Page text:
In recent work Barney continues to expand upon the materials and motifs explored in the CREMASTER series. His sculptural work, like Chrysler Imperial (2002) and The Deportment of the Host (2006), utilize same self-lubricating plastic Barney employs to frame his drawings and which consistently appeared in the CREMASTER films. His ongoing Drawing Restraint series, begun while Barney was still a student in 1987, took as its point of departure the biochemical principle of hypertrophy, or how muscles develop in response to increasing resistance. For Drawing Restraint 9: Shiomenawa (2005) Barney contemplated his strained role as “Occidental Guest” when invited to create an exhibition at the Twenty-First Century Museum of Contemporary Art in Kanazawa, Japan. For Drawing Restraint 11 (2005), also conceived for Kanazawa, Barney returned to the root of the conceived project and climbed the gallery wall, thus fighting increasing resistance, to create a series of escalating drawings.
In 1991, at the age of twenty-four, Barney was honored with a solo exhibition at the San Francisco Museum of Modern Art. The Museum Boymans Van Beuningen, Rotterdam, organized a solo exhibition of his work that toured Europe throughout 1995 and 1996. Barney has been included in many international exhibitions, such as Documenta 9 in Kassel (1992); the 1993 and 1995 Biennial exhibitions at the Whitney Museum of American Art, New York; and Aperto ’93 at the 48th Venice Biennale, for which he was awarded the Europa 2000 Prize. Barney has been awarded numerous other prestigious awards, including the Guggenheim Museum’s Hugo Boss Prize (1996); the Skowhegan Medal for Combined Media (1999); the James D. Phelan Art Award in Video by the Bay Area Video Coalition (2000); and the Irish Museum of Modern Art Glen Dimplex Artists Award (2001).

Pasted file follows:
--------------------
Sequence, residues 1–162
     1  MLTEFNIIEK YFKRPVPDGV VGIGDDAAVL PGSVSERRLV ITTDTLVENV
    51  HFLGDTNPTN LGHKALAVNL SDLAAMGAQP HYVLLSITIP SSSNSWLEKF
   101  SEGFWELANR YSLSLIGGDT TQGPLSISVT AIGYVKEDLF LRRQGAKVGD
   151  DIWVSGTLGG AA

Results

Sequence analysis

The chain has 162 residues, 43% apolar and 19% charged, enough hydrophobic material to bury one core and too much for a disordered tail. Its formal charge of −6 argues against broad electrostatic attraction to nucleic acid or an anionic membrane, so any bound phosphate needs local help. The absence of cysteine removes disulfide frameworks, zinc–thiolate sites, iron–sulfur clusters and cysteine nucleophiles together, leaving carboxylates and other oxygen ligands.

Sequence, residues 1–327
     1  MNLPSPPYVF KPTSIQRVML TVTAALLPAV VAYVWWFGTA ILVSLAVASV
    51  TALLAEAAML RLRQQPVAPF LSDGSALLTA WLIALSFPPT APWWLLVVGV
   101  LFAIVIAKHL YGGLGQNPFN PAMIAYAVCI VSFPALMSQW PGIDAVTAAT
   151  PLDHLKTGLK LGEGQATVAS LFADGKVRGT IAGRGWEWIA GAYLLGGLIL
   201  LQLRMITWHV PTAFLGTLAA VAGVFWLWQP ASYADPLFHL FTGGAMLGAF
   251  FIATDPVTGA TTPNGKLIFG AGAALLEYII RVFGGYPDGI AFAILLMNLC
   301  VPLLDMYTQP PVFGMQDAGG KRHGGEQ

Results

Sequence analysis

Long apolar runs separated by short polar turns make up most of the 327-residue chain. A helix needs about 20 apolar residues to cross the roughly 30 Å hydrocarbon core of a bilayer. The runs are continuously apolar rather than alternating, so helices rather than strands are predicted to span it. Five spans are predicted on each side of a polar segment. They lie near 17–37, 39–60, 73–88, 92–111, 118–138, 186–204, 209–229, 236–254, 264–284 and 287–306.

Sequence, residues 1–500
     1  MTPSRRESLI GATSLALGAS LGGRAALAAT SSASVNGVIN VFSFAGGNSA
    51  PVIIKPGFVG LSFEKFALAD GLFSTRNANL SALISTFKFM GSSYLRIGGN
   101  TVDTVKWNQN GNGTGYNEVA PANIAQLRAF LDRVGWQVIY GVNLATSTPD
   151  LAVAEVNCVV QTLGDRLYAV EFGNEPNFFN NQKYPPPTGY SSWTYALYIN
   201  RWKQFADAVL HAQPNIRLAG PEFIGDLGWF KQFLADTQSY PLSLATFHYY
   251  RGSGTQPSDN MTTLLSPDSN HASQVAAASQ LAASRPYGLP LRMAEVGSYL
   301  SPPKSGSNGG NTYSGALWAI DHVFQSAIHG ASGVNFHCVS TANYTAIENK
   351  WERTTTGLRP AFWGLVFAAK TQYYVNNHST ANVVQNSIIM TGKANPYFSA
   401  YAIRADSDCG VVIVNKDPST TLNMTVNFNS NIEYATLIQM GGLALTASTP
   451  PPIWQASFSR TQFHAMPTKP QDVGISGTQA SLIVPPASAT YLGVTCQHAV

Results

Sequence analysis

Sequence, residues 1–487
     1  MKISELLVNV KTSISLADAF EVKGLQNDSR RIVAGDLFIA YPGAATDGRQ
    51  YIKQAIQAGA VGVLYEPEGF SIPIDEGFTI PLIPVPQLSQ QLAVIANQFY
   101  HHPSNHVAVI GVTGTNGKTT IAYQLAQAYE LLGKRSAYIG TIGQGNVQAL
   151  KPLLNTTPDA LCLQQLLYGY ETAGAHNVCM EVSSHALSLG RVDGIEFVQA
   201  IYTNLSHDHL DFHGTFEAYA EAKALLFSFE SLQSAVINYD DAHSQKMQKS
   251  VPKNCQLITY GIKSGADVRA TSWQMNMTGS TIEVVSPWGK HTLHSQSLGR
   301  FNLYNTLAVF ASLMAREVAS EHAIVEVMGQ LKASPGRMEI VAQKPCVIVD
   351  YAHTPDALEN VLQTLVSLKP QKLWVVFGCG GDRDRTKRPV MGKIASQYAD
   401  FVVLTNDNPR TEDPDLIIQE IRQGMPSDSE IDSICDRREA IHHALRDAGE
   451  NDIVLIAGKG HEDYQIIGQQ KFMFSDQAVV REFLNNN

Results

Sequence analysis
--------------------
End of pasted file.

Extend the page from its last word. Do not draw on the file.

Matthew Barney: The Cremaster Cycle, an exhibition of artwork from the entire cycle organized by the Guggenheim Museum, premiered at the Museum Ludwig, Cologne, in June 2002 and subsequently traveled to the Musée d’Art Moderne de la Ville de Paris and the Solomon R. Guggenheim Museum in New York. Barney has since had major solo exhibitions organized by Astrup Fearnley Museet for Moderne Kunst in Oslo (2003), Living Art Museum in Reykjavik (2003), 21st Century Museum of Contemporary Art in Kanazawa (2005), Sammlung-Goetz in Munich (2007), and Fondazione Merz in Turin (2008). His work has also been included in major group exhibitions including Moving Pictures at Solomon R. Guggenheim Museum in New York and Guggenheim Bilbao (2002), Venice Biennale (2003), Quartet: Barney, Gober, Levine, Walker at Walker Art Center in Minneapolis (2005), Biennial of Moving Images at Centre pour l’Image Contemporaine in Paris (2005), and All in the Present Must Be Transformed: Matthew Barney and Joseph Beuys at Deutsche Guggenheim in Berlin (2006). Barney lives and works in New York.